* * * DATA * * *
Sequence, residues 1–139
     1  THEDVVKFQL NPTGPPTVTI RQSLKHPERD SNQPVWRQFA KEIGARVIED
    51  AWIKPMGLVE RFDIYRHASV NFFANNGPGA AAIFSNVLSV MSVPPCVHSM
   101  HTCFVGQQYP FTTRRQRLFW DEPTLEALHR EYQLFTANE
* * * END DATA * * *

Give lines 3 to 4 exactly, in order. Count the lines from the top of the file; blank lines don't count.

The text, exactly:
    51  AWIKPMGLVE RFDIYRHASV NFFANNGPGA AAIFSNVLSV MSVPPCVHSM
   101  HTCFVGQQYP FTTRRQRLFW DEPTLEALHR EYQLFTANE